We had served Trevor a lot in our previous meetings but he’s been playing better and better so we decided to start on Rosie, if nothing else to maybe throw their game plan out of whack. The final started as all of our matches against them had, as a side-out battle. We got one early point on them and then no one got another stop through the 11-10 timeout. With everyone’s offensive game on point, it looked like we were going to have to side-out near flawlessly to win.
Then we went on a scoring run. Stafford started hitting his jump serve and disrupting their passing. Then he got 3 blocks in a row. Getting more and more fired up after each one. The energy carried into the rest of his game as he continued to serve tough and annihilate option balls; if I got a look at a dig I’d push it up to the net and he’d turn and crush it on two. We went on a huge run at the end of the first game and won handily 21-13.
The next game was the exact reverse. After a 5 min TV break, we came out flat while they turned it up a notch. Both Trevor and Rosie were ripping their jump serves and creating points. We struggled to pass and made some hitting errors and they earned a bunch of real points. We would get crushed in return 13-21.
As the game is going on I’m telling myself the right things. This is a good challenge. Let’s bounce back and see what you can do. Relax, just focus on this next pass. But knowing what to think and doing it in a high-pressure setting are different. As much as I tried to exercise them, negative thoughts about blowing the one game lead were creeping in and taking up residence in my mind. The loudest voice of all was reminding me, You’re going to blow this and lose Stafford his chance to win a tournament!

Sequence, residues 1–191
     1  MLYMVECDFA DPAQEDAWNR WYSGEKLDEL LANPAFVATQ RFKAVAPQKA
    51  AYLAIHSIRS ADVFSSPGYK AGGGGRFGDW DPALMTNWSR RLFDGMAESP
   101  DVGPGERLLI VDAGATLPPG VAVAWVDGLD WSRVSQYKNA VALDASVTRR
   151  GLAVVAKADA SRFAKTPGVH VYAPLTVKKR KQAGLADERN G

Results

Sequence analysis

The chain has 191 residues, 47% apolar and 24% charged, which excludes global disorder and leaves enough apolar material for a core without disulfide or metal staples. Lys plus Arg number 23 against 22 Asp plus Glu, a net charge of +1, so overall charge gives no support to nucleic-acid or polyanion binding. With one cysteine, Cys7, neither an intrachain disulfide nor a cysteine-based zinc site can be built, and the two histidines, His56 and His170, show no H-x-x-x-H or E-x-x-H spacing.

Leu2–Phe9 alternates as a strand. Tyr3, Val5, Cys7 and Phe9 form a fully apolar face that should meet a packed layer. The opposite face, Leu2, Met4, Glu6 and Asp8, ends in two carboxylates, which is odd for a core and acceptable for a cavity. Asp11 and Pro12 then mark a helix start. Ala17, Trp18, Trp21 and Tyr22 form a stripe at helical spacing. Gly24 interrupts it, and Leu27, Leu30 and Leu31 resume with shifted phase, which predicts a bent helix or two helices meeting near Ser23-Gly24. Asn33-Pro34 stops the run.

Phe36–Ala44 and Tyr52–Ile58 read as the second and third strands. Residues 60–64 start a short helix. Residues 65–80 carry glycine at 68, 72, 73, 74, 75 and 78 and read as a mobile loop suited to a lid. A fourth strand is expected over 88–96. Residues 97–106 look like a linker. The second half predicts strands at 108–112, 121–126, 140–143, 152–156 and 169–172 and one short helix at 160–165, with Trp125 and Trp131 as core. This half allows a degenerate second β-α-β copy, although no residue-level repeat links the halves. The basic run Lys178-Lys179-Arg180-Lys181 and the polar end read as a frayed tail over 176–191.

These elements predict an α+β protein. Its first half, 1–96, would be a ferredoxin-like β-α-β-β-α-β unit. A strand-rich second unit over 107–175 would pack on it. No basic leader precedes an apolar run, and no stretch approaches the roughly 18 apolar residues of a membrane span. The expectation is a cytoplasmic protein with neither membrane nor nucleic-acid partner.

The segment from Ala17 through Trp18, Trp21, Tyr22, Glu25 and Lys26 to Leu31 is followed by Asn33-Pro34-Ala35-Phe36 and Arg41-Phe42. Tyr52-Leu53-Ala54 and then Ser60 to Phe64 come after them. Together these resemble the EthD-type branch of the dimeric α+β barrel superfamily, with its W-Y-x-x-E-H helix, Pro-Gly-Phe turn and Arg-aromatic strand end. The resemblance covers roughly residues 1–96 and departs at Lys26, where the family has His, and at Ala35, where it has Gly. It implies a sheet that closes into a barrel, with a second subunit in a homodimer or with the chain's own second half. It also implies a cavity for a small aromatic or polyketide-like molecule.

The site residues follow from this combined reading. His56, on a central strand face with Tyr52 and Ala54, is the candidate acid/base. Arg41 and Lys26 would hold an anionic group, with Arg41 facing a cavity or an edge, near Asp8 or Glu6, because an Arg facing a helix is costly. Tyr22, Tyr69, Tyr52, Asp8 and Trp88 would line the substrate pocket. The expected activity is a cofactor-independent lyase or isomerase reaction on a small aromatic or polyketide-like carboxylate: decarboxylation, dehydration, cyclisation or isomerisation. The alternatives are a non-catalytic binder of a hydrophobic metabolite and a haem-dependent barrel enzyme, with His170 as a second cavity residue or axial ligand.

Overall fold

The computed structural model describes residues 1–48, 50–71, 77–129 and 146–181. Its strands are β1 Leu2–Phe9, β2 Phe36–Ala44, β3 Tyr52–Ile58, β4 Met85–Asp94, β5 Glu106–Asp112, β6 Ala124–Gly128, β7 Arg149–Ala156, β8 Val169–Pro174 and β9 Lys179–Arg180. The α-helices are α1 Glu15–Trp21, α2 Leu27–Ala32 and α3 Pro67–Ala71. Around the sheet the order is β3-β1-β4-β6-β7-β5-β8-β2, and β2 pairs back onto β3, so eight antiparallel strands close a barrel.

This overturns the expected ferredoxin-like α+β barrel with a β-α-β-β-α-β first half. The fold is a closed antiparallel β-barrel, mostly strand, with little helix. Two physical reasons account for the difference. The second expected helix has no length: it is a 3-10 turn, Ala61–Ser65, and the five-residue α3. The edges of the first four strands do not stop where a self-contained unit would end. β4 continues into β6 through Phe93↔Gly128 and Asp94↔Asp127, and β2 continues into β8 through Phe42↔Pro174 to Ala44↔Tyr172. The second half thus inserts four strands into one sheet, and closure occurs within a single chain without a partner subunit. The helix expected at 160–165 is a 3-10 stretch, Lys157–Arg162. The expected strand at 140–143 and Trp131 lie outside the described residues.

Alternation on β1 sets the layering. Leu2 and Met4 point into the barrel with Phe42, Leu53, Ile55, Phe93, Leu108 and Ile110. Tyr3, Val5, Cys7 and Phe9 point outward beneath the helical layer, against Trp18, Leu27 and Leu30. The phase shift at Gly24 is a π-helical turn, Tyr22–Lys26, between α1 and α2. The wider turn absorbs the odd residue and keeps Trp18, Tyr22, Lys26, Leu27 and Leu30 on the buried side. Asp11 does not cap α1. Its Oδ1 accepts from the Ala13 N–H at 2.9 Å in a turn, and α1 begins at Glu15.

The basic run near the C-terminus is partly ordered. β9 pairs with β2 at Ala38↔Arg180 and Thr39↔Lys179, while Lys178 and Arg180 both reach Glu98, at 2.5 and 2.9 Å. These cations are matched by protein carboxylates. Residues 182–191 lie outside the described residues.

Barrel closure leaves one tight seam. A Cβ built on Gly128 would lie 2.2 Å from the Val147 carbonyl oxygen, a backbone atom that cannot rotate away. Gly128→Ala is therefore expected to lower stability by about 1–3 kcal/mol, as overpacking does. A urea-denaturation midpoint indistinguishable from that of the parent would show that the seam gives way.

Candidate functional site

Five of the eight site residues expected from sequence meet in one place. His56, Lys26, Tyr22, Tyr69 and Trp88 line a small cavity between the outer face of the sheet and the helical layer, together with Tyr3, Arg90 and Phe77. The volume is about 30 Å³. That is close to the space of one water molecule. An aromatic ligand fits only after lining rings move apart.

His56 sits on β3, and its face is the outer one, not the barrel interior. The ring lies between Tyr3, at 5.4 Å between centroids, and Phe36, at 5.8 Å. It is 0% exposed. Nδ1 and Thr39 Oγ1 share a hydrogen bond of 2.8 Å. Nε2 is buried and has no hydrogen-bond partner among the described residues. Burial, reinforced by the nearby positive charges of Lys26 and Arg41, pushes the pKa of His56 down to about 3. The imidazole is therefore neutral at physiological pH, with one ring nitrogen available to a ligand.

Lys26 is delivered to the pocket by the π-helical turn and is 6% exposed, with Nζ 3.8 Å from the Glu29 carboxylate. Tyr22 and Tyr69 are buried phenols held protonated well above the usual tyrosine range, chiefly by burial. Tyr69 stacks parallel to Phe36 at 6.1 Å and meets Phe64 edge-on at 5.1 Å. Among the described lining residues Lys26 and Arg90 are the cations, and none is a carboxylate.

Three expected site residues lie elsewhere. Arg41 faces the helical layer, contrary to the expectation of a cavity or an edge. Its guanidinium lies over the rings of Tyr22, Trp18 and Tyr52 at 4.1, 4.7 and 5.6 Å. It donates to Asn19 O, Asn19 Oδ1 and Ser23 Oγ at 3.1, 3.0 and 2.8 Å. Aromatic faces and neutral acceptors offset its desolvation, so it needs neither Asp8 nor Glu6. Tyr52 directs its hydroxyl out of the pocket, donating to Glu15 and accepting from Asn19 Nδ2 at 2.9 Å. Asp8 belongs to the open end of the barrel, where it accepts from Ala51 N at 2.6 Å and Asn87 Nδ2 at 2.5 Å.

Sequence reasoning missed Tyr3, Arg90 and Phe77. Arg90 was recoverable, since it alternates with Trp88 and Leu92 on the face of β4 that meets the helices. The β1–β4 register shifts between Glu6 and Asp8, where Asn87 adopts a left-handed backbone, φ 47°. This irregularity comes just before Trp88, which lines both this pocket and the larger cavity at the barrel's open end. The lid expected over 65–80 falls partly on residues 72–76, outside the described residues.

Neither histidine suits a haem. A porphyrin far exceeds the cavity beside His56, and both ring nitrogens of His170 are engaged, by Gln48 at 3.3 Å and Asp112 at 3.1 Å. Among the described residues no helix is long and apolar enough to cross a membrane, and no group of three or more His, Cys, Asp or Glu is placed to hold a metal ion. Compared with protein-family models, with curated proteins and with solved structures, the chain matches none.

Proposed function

Where we had played loose and free most of the Seattle tournament, I now felt jittery and the added pressure that I would let Stafford down. I stood up through most of the 2nd game TV break, shaking my legs and trying to stay warm so I didn’t come out flat again. I tried to push away the outside thoughts, letting the 2nd game go and focusing on the next. Our coach, Jon Daze gave us some things to focus on to settle us down and when the ref blew the whistle we were ready to get after it.
“Let’s have fun,” I said as we got into serve receive position.
The game started with a couple miss serves by them that gave us a little breathing room and eased the nerves. We stayed aggressive pushing our sets to the net and taking high hard swings, working our way back to the team from the first game. As the game wore on and we earned a slight lead, the only voices I heard were the real ones coming from our wives, Janelle and Julie, yelling from their courtside seats.
After a couple hitting errors by Trevor and Rosie, we had a 14-11 lead going into the freeze. We would be serving for championship point. It went back and forth for a few side-outs, each time we put the ball away came with a feeling of relief and another championship point opportunity. Stafford ended the match with a massive angle block before screaming and collapsing to his knees.
After shaking hands with the other team and the refs, I headed for Janelle and took my son, Ketch, onto the court with me. Stafford grabbed Edison as well and we held them through the post-game interview.
A lot has changed in the thirteen years since my first AVP tournament. I didn’t have a passport—now I’m traveling the world playing volleyball. I didn’t have a girlfriend—now I’m a father holding up his son on TV. I drove a Ford Focus—now…I still have a pretty crappy car. Thirteen years ago, I don’t think that skinny college kid could have imagined any of this, but I know he’d be happy he’s still playing volleyball.